Let’s start at the beginning… Hopefully by asking “What is a Bitcoin?” it is possible for you to begin to decide whether or not to be involved in this phenomenon.
In the last few years there has been a surge in what are known as crypto currencies or alt coins. A crypto currency is a form of digital money that uses strong cryptography to protect it. Just as a real bank note has a wide range of special features that are designed to make it difficult or impossible to copy or forge, cryptography makes it virtually impossible to fake a digital transaction.
In that last paragraph I described it as being “virtually impossible” to fake. The reality is that there are some very smart minds around the world that have focused on hacking and stealing Bitcoins and other currencies, with some success. So while at the moment, in early 2014 as I write this, it is not possible to fake crypto coins, that might change in the future. Your wallet ought to be secure if you take the correct precautions.
Bitcoin was the first of this new generation of crypto currency. There have been others in the past, such as egold, but they did not prove to be secure enough and ultimately failed. The history of those earlier currencies was one of fraud (the notorious HYIPs) and problems.
Bitcoin was introduced in January 2009 by someone named Satoshi Nakamoto. There has been much controversy since as to whether he is a real person, or a group of people, what his real name is and where he or they might live. There are reasons for this confusion.
For example, the initial published research papers that the currency was founded upon have been analysed and there seem to be some grammatical differences between the use of American and English English, leading some people to suggest that Satoshi Nakamoto is actually a collective name for more than one person. Additionally, the original Satoshi needed to have a very deep understanding of cryptography, technology and hardware, mathematics, economics and currencies. Understandably, many people feel that there can be very few people with such a deep understanding, so a group of people is more plausible.
In early 2014 there was significant progress made when a reporter for Newsweek claimed to have found1 the real Satoshi Nakamoto. There have since been counter claims and denials, so the truth may still be untold.
How does Bitcoin work?
His currency uses a complex algorithm that protects each transaction. The algorithm and cryptography are the underlying essence of what is a Bitcoin. This algorithm requires mathematical problems to be solved to authenticate transactions. Over time, the complexity of these math problems is increasing. Each time a group of problems is solved, the person or group of people providing the computing power earns a fee of 25 BTC.
Each of these puzzles enables a group of transactions to be authenticated. Since they are a group, they are known as a block. These Bitcoin blocks can be solved by anyone around the world, meaning that the currency and transactions are visible to anyone, making it impossible for one person, or a small group, to control the currency. Freedom is at the heart of what is a Bitcoin.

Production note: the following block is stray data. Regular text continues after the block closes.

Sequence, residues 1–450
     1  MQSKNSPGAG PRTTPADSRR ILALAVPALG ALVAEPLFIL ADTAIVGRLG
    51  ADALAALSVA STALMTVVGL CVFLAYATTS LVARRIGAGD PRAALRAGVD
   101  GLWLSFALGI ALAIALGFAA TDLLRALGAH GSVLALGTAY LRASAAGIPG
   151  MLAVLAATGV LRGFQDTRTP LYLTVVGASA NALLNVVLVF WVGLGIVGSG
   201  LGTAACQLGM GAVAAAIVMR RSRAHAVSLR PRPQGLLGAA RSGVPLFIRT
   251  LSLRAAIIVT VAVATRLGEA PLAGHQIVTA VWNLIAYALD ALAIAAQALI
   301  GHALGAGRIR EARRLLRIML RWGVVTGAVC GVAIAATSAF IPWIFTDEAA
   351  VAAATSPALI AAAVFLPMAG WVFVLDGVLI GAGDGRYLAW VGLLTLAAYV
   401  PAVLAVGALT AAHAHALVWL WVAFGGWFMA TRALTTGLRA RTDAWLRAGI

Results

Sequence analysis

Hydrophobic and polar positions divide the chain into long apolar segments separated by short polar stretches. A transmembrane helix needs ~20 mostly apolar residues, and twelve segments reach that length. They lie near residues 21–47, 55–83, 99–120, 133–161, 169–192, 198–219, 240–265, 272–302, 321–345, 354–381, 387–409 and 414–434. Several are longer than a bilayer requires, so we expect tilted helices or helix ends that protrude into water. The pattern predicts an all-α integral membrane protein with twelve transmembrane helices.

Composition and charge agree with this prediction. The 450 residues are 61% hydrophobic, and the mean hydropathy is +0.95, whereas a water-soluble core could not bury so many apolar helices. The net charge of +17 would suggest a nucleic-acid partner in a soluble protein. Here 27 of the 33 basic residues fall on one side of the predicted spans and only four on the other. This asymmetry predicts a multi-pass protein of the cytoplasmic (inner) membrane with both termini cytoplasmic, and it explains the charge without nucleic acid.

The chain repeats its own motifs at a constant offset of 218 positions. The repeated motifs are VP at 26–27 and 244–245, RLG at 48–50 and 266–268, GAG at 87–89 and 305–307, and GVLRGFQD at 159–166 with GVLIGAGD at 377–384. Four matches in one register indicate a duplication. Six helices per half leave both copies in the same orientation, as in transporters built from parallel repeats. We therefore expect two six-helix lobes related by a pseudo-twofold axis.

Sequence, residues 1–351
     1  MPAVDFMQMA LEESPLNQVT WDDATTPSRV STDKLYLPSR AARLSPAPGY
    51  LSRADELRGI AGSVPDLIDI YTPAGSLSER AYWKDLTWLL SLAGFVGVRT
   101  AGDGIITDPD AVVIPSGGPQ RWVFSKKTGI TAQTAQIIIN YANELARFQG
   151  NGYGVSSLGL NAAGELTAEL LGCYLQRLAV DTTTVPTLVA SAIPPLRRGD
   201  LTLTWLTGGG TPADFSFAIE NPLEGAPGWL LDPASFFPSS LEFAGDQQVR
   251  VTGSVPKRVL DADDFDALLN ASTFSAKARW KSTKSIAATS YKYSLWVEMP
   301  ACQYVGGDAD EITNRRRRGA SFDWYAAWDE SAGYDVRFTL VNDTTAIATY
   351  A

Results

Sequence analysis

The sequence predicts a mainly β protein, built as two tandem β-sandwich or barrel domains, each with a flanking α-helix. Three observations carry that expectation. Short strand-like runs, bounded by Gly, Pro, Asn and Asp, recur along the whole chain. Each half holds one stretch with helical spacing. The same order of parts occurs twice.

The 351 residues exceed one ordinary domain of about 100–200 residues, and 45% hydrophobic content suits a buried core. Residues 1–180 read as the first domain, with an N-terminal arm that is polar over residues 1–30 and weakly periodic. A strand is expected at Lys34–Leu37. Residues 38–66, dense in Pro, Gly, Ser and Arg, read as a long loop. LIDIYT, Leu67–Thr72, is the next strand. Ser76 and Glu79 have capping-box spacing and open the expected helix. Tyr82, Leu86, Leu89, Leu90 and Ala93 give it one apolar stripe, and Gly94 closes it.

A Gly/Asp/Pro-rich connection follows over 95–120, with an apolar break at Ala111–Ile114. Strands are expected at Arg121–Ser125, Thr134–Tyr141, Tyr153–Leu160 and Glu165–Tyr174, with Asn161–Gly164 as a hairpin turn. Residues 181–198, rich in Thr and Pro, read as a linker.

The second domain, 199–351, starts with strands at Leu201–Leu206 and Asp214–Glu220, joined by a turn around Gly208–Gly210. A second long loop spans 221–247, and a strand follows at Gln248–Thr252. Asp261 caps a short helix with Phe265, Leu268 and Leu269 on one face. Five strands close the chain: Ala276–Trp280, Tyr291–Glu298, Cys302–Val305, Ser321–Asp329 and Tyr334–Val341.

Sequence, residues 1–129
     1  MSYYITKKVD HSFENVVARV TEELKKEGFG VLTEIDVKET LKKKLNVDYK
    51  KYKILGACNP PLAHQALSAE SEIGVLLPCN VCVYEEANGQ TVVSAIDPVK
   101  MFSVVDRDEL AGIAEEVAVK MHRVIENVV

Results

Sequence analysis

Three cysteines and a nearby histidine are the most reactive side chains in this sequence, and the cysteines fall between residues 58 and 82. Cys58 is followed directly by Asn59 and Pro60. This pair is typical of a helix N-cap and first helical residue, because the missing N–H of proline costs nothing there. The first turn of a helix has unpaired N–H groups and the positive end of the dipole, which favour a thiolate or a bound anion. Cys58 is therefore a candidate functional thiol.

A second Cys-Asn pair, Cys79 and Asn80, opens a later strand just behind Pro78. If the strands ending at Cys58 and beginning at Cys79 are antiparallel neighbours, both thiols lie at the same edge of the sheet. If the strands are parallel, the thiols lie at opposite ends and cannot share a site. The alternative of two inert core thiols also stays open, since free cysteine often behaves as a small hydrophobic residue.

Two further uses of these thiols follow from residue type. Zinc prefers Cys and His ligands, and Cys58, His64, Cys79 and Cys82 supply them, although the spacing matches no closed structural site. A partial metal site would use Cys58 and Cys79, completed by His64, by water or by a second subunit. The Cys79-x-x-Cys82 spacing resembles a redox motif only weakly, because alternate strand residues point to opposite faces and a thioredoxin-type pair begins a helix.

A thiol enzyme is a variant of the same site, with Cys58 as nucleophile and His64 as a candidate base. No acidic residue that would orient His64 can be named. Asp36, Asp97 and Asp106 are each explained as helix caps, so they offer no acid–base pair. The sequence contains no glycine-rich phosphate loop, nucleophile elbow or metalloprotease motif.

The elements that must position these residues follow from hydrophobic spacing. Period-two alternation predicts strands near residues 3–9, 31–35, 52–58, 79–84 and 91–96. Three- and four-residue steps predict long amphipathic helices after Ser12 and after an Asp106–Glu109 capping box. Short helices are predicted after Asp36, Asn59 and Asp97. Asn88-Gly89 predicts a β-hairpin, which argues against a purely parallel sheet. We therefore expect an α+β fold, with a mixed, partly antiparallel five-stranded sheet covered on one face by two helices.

The original algorithm was designed to limit the number of BTC that can be created. That number is set at 21 million which does not sound like a lot for the whole world to share. The rate at which new Bitcoins can be created halves every year, meaning that new coins will be created for another 100 years or so. However, as the mathematical problems to be solved become harder and the number of coins being created slowly drops, the value of each coin can reasonably be expected to increase.
The breakthroughs made by Satoshi Nakamoto have enabled the other alt coins to flourish. There are now many more lesser known alternatives. The majority use similar architecture, but with slight modification. For example, Litecoin is one of the major crypto currencies and is almost identical in form, except that the total number of coins to be mined is much larger.
The solving of these maths problems takes some really serious hardware. At the very beginning, new Bitcoin mining could be done on most home computers, but this is not so any more. I have read estimates that suggest that now (2014) if a new miner were to spend US$50,000 on hardware that they might not be able to break even! The hardware is known as a Bitcoin GPU Miner, or a mining rig.
Should You Mine Bitcoins?
However, it is worth pointing out that there are many other crypto currencies in existence. Crypto currency mining is still very possible and profitable with some of the newer coins. This is actually quite a complex area because not only do miners need to understand the hardware requirements, but they also need to calculate carefully which is the best cryptocurrency to mine on a day by day basis. They need to do this by calculating the amount of coins they think they can mine in a day and the value of those coins, against the cost of their equipment and the high electricity bills they will need to pay. Not only do miners pay for to run their equipment, but they need to have some serious cooling in place. The power that runs through their mining rig is focused on the graphics card. A graphics card is expensive and if they overheat and die, they are costly to replace.
What is really interesting is that these new currencies have the potential to make a huge change in the world. Historically, each king and then each nation controlled the coins and supply of money used by their subjects. International trade has operated for hundreds of years between known banks, companies and individuals with national currencies.